The ongoing war without guns between the Spanish state and Catalonia entered a critical new phase on October 27. On that day, the newly elected pro-independence majority in the Catalan parliament published a draft bill that “solemnly declared the start of the process of creating an independent Catalan state in the form of a republic”.
Podemos activists The December 20 elections in the Spanish state will attract the usual large field of runners. Challengers will represent every imaginable position along the Spanish state's two main political dimensions — the left-to-right social axis and the axis of national rights. This second dimension reaches from the centralism of the ruling People's Party (PP) to the pro-independence stance of various Catalan, Basque and Galician parties.
The Spanish football club Sevilla has rejected a €5 million sponsorship deal to advertise tourism in Israel on its players’ shirts. The 2015 UEFA Europa League champions turned down the offer due to the “political connotations” of appearing to support Israel, according to the Spanish sports publication Mundo Deportivo. Club sources told the sports website ElDesmarque that the image Israeli sponsorship would project “could be detrimental to Sevilla, especially taking into account present political issues and sensibilities and the Palestinian-Israeli conflict”.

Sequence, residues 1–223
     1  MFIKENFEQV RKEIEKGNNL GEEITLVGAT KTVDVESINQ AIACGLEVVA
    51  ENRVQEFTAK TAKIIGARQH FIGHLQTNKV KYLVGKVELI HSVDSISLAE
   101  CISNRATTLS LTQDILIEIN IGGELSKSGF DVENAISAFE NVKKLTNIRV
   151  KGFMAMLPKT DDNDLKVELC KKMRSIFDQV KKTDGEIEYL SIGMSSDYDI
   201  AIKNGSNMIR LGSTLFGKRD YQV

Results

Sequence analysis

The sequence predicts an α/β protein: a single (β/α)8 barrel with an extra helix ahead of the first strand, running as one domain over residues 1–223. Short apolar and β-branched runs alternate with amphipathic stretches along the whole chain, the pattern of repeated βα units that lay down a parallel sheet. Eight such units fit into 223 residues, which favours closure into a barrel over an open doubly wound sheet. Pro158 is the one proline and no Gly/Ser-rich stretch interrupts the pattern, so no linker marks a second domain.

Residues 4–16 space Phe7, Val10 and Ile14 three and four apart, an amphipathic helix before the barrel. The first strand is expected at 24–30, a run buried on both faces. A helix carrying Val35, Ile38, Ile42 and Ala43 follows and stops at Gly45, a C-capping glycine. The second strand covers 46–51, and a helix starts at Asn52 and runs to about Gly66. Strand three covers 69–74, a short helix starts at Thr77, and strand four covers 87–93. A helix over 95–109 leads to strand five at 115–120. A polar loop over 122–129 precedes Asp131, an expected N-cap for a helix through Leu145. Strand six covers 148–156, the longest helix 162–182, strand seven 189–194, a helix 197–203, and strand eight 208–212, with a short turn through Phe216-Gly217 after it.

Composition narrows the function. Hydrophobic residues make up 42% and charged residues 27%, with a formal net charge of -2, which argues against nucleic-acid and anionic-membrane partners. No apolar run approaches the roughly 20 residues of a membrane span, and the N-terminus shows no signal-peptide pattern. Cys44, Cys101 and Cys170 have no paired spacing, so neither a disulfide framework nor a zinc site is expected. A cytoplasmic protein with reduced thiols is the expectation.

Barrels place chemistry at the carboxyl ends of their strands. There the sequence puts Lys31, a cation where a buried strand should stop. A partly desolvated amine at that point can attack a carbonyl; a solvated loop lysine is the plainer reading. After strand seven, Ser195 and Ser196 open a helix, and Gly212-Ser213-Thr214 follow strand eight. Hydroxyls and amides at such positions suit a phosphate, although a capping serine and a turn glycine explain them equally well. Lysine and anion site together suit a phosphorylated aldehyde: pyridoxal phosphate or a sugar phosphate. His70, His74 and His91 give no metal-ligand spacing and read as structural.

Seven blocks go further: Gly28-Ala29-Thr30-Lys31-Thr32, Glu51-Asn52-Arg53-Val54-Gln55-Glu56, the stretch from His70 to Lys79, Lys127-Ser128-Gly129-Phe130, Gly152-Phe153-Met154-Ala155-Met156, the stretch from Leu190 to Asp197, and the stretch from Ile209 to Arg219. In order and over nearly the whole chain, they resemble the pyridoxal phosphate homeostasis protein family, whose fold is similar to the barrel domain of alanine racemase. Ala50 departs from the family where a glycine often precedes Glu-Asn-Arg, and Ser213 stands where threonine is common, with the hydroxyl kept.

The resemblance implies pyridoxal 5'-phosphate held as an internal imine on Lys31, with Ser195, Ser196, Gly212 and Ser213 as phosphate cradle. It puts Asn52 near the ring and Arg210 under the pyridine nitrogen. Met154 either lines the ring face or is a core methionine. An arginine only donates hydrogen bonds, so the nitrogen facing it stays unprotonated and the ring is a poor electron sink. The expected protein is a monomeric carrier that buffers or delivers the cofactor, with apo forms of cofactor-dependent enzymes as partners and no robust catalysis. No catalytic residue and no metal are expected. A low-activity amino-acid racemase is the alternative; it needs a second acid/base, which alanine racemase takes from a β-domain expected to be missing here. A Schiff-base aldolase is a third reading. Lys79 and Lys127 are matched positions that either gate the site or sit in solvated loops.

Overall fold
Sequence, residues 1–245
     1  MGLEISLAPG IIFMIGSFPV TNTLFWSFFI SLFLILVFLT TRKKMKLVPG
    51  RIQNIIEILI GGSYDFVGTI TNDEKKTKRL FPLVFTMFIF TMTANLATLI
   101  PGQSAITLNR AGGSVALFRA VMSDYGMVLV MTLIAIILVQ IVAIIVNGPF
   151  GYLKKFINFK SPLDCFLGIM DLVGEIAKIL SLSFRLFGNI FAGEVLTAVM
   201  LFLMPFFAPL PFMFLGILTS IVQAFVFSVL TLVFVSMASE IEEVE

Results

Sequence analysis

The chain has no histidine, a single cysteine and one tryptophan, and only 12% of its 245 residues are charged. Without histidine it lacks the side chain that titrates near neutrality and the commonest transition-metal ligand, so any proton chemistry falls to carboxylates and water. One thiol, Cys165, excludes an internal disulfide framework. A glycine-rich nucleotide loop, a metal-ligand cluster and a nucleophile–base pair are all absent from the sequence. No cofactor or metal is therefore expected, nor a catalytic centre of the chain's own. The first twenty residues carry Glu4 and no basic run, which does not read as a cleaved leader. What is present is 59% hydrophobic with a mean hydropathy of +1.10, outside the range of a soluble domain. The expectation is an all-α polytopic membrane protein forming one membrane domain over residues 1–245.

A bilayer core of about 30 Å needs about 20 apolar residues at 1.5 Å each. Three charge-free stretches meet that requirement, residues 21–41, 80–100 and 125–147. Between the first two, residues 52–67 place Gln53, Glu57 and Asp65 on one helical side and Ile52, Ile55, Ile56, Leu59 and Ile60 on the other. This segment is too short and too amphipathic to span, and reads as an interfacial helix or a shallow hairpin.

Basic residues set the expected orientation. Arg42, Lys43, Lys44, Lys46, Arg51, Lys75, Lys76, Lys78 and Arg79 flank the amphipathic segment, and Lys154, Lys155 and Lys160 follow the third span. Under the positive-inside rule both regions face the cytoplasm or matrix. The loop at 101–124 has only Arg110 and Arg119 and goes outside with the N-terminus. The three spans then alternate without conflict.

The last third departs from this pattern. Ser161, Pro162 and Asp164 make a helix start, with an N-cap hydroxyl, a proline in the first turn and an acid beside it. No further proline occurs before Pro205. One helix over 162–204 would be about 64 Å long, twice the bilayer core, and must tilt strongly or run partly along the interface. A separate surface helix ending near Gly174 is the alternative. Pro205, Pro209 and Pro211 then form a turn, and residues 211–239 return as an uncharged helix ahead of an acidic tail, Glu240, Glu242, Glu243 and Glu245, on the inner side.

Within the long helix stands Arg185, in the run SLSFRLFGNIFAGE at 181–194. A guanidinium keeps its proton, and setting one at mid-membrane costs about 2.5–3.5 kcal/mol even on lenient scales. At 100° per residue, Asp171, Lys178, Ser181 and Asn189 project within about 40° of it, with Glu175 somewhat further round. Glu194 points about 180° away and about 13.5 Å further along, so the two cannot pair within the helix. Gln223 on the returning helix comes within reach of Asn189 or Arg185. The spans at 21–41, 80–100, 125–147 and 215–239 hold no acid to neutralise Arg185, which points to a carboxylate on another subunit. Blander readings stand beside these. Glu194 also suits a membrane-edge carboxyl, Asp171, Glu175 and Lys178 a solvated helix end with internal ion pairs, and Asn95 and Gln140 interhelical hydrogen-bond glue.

Who won the September 27 elections for the Catalan parliament, called as a substitute for the Scottish-style independence referendum that the Spanish People's Party (PP) government refuses to allow? It depends who you ask. On the night, most commentators on Madrid-based TV and radio called the result a defeat for the pro-independence camp: its two tickets — the mainstream nationalist Together for Yes and the anti-capitalist People's Unity Candidacies (CUP) - won only 47.74% of the vote against 52.26% for “the rest”.
More than 1 million people took part in a pro-independence march in Barcelona on September 11, Catalonia's national day. A year has passed since the British establishment won the September referendum on Scottish independence with a final campaign week of blackmail, dirty tricks and multi-party sworn promises yet to be kept.
30,000 people marched in Vienna on August 31 to demonstrate against inhumane treatment of refugees. In less than a fortnight a series of tragedies took place on the borders of Europe, spurring a continent-wide debate over refugee policy. On August 26, about 200 refugees perished at sea as their ship capsized off the coast of Libya on its way to Italy.

If a Catalan Rip Van Winkle were to wake up today after a sleep of only six years, his disorientation with Catalonia would be as great as that of the original Rip Van Winkle after he dozed right through the American War of Independence. “Am I hallucinating?” he might ask, struggling to find the right answer to questions like:

Regional elections held in Spain on May 24 installed an historic pro-Basque state government in the Basque autonomous community of Navarre for the first time. It ended 16 years of rule by the pro-Spanish, centre-right Navarrese People's Union (UPN). The UPN won only 15 seats, down four from 2011. Its ally, the right-wing Spanish People’s Party (of Spanish Prime Minister Mariano Rajoy), won two, half of its quota in 2011.